To bring an action for damages, the claimant must prove the conditions set out in Art. 41 SCO, i.e. the claimant must have suffered damage, caused by unlawful and culpable conduct by the damaging party.
It is usually easy to prove that an act is unlawful because any use of a work (Art. 10 CopA) without authorisation of the author or without a permission given by the limiting provisions violates the exclusive rights of the author and will therefore be considered unlawful.
The notion of culpability includes both negligent and wilful conduct by the person who has committed the infringement.
“Dolus eventualis” is a part of wilful conduct, which means that the offender knows their act might be illegal but continues with it regardless.
For their act to be considered culpable, the person committing the infringement must be aware or should have been aware:
● that the work being used was protected by copyright
● and that their behaviour constituted an unlawful act.
Negligent conduct occurs if the damaging party fails to fulfil the necessary degree of diligence that is required in this situation and that another average careful person would have applied. The degree of diligence to be upheld is assessed on a case-by-case basis. The offender’s education or knowledge of the level of copyright is also taken into account here, i.e. a person involved in copyright (e.g. an editor or a webmaster) should pay closer attention than the “ordinary” user.
For example, a university webmaster uses images they have found online for the university website. They have some doubts about whether they are protected by copyright but still decide to use them. Given the webmaster’s profession and education, the fact that they are aware of how content is protected would be considered as well as the fact that not looking into whether the images were copyrighted before using them constitutes culpability by negligence.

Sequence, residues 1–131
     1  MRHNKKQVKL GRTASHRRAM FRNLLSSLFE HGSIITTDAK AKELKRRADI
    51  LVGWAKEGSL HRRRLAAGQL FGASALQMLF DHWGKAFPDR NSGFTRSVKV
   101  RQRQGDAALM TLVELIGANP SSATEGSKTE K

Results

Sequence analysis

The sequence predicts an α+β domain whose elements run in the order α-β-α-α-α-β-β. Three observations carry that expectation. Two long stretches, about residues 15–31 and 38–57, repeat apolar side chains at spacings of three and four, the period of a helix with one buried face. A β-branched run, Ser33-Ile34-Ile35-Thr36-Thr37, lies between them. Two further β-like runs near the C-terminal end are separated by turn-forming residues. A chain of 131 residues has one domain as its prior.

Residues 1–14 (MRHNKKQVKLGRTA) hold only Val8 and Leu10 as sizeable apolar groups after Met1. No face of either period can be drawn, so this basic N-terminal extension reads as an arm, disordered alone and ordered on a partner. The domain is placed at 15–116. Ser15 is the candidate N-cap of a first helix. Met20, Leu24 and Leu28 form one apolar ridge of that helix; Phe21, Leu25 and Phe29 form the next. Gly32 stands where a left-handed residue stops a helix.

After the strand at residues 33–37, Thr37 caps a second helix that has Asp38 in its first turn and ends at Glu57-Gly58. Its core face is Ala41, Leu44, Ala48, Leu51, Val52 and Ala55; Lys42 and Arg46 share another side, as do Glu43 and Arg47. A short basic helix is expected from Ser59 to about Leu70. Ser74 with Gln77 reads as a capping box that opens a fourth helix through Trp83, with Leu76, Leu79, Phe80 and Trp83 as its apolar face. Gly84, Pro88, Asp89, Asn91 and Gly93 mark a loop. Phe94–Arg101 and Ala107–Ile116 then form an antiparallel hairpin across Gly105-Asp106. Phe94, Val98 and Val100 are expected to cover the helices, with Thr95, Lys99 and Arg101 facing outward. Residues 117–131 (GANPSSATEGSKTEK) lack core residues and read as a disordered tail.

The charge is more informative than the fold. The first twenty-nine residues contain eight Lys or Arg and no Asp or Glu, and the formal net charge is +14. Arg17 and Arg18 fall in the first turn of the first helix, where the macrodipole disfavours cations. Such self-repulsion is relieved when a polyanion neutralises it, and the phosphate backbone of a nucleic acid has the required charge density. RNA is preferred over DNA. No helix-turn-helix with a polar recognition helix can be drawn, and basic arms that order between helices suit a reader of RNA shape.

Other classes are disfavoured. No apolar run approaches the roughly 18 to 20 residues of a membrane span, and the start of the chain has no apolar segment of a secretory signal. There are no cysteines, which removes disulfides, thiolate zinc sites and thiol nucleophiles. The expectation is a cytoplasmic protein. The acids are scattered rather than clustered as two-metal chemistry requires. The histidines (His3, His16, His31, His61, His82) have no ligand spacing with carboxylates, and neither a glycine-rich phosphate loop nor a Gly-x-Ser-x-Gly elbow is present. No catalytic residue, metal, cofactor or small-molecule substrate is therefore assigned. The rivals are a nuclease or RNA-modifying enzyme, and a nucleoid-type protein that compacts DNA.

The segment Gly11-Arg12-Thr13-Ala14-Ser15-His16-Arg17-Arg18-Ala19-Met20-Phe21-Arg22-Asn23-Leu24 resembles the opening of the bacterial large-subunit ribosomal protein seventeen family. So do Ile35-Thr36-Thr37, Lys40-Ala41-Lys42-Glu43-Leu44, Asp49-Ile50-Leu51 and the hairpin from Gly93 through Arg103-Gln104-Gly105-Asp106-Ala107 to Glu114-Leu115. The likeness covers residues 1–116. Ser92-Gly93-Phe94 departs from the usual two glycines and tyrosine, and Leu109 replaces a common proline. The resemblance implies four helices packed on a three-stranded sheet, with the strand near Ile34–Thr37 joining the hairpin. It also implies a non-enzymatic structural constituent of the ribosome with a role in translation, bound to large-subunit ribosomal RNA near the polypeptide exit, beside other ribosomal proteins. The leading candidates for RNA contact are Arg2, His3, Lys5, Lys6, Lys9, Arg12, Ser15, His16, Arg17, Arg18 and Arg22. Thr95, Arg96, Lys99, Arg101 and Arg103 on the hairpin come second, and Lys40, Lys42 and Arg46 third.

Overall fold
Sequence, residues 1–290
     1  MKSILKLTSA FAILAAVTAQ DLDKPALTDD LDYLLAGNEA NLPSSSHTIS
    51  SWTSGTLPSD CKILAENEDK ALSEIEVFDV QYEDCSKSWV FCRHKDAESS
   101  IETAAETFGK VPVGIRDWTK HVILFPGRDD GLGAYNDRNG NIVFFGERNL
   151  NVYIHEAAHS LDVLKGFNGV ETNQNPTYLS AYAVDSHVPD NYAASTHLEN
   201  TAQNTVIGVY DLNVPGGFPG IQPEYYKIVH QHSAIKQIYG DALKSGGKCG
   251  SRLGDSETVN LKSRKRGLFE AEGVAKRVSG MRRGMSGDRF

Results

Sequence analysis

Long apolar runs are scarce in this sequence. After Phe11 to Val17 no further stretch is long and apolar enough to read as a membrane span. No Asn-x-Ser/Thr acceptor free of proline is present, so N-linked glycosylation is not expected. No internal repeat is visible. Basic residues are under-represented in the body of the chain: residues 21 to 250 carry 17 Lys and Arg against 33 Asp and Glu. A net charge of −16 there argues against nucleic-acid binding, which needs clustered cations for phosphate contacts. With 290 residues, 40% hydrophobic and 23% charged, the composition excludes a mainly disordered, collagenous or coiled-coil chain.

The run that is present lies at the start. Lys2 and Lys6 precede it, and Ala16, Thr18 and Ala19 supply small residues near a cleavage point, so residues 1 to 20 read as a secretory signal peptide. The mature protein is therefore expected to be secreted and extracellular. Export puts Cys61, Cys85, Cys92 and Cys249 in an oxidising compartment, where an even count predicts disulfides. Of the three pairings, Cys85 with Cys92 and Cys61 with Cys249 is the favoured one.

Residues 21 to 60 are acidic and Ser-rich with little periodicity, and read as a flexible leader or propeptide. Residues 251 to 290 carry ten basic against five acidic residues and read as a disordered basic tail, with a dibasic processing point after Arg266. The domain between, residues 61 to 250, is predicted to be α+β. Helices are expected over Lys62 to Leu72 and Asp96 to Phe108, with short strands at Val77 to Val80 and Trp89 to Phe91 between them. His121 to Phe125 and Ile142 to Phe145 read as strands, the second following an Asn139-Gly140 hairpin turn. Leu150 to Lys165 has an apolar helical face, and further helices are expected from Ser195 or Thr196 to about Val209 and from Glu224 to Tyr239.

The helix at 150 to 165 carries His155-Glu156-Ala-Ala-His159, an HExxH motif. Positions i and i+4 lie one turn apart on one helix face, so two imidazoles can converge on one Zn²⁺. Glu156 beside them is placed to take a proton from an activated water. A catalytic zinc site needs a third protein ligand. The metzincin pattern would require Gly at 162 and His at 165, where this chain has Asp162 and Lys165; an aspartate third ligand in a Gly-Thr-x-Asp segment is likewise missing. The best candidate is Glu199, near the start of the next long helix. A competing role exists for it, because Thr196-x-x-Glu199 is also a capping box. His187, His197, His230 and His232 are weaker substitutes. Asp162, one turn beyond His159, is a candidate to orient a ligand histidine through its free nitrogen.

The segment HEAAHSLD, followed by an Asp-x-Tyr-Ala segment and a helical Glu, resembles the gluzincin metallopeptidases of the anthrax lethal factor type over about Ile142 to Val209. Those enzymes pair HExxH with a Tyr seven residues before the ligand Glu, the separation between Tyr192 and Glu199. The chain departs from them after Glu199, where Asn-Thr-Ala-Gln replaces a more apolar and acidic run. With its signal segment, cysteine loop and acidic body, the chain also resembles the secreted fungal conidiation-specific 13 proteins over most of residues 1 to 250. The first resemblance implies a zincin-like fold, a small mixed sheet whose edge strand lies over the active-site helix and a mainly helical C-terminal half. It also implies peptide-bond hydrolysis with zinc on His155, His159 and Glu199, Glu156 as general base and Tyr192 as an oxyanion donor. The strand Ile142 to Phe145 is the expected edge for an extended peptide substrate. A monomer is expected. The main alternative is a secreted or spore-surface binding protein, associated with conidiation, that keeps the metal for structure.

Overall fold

When it comes to calculating damages, it is the claimant’s responsibility to prove the extent of the damage caused. Essentially, the loss of assets or increase in liabilities directly arising from the illegal conduct must be calculated. For example, the rights holder can request compensation for any loss of profit they have suffered due to uncollected licence fees or even due to expenses associated with fees (e.g. lawyer’s fees or other legal expenses) which had to be paid to safeguard the interests of the rights holder.
Causation means the relationship between the unlawful harmful act invoked and the alleged damage. The injured person must provide evidence of causality with a degree of overriding probability. Causation is present if the damage would not have occurred without the unlawful conduct. This is called “natural causality” and is a question of fact. However, liability is present only if it is established that the result caused by the alleged conduct was in the ordinary course of things and a part of general life. In other words, the result must not have arisen due to extraordinary circumstances. This is called “adequate causality” and is a question of law.
In addition, a person can only be held liable if there is natural and adequate causality.